At the beginning of the year, TCI received an inquiry for an IT project from a German car manufacturer for whom we had already successfully completed several projects in the past. The project in question involved the design of a new module within an existing existing individual application for the management of project deadlines as part of the prototype, pre-series and series production process. The specific task was the creation of an exploration concept and the filling of a product backlog (list of requirements) for the subsequent project phase.
Task with challenges: Solution in phases
The challenges were not only the short project duration and the high demands on technical expertise, but also the project approach requested by the customer according to the user-centered design approach.
User-centered design is an iterative project approach that goes through several phases. First, the process is planned. During the Analysis of the context of use information about the future users is collected. This includes analyzing the workflows and the respective tasks of the users. The users' expectations and suggestions for improvement are also collected. Based on the findings of the context analysis, the second step is for the project team to develop the Requirements to the software. In the phase Concept and design concepts for the future product are developed. Design documents and mock-ups are created as a result of this phase. In the phase Evaluation the concepts and mock-ups created are repeatedly discussed with users.
Target-oriented approach through interdisciplinary consulting
TCI carried out the project with three consultants: Patrick Müller with his many years of experience at this manufacturer as TCI project manager, Hans-Christoph Gründler, an experienced process consultant, and Maik Schmalstich, a design thinking coach.
After analyzing the context of use, a two-day workshop was held in which two user journeys were initially developed, which were then broken down into individual user stories. The first drafts for the user interface were developed at an early stage, which were then successively detailed. The first concept drafts in the exploration concept still contained various alternatives, from which one alternative was then selected in each of the subsequent iterations. The concept itself was created in the Confluence wiki software, which made it much easier to collaborate and comment on the concept. The user stories for the product backlog were created in the Jira tool and handed over to the product owner at the end of the project.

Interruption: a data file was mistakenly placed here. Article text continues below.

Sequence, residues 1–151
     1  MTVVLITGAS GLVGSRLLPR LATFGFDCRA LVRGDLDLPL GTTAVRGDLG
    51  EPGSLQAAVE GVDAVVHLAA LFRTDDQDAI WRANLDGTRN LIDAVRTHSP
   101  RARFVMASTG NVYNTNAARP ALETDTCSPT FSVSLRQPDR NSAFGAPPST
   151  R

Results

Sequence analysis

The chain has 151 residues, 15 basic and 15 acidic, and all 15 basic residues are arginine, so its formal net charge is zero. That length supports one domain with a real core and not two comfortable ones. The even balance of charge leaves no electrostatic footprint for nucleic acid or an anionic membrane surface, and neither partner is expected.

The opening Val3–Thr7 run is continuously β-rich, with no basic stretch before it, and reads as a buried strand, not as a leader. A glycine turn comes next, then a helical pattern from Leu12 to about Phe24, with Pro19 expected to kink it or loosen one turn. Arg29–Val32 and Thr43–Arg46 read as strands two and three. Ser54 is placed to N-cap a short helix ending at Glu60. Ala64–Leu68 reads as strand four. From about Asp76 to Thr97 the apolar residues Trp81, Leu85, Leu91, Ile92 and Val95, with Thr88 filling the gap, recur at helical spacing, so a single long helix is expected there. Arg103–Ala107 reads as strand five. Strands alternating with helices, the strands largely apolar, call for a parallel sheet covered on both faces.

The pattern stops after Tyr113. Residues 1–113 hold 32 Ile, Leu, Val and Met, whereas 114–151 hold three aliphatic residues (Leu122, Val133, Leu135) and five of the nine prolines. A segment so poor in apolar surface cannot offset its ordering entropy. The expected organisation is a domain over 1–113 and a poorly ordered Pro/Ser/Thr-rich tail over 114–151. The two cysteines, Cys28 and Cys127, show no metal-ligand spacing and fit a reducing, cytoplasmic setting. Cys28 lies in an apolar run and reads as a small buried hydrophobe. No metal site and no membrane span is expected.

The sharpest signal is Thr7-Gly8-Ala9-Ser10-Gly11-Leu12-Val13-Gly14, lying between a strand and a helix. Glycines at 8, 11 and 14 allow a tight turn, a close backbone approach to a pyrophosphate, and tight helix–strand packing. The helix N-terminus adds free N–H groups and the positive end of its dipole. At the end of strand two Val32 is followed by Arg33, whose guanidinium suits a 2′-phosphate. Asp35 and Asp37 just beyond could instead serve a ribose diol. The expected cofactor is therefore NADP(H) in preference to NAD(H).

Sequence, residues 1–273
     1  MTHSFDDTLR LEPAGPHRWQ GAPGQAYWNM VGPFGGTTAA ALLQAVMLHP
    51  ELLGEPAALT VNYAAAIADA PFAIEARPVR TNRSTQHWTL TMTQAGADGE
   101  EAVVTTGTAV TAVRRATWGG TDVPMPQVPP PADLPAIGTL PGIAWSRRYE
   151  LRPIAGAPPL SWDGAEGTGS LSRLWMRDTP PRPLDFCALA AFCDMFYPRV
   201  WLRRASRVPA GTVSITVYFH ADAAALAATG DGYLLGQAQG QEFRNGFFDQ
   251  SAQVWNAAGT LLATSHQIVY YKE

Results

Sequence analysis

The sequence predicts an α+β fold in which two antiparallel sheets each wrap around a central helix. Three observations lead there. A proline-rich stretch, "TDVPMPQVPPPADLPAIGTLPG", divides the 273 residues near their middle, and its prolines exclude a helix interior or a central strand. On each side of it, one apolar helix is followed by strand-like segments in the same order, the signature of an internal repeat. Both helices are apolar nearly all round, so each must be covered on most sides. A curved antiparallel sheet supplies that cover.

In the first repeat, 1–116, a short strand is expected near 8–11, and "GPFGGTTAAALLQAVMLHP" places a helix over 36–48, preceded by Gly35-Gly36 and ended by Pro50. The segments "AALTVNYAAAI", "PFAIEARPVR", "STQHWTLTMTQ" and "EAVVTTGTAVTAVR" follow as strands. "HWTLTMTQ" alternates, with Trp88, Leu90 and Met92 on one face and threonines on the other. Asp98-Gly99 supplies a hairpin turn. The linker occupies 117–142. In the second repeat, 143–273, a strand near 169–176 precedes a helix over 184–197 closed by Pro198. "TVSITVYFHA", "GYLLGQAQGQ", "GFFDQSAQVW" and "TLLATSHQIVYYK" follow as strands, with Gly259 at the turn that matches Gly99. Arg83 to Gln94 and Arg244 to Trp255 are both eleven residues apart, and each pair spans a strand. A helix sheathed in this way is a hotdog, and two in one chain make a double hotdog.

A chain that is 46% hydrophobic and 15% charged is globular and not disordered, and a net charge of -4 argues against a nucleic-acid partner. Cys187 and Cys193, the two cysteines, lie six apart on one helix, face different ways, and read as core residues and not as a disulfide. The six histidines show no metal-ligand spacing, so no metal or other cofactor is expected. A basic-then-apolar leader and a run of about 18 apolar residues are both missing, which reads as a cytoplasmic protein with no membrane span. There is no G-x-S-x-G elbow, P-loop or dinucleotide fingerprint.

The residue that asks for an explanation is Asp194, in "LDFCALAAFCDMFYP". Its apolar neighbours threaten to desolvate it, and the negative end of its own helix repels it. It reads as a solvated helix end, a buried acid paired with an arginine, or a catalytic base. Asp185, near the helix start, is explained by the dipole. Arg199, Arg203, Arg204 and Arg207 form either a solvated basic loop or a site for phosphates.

Interdisciplinary consulting with very good results
With this result, an invitation to tender was issued. "Never before have we had such a good standing for a tender in this environment" was the statement of one of the customer's IT employees involved in the project at the end of the project.
TCI project manager Patrick Müller also drew a very positive conclusion from the project and the work of the interdisciplinary project team: "This project has shown how well the specialist, process and methodological knowledge of different consultants can be combined."
(Cover picture: © Patrick Müller)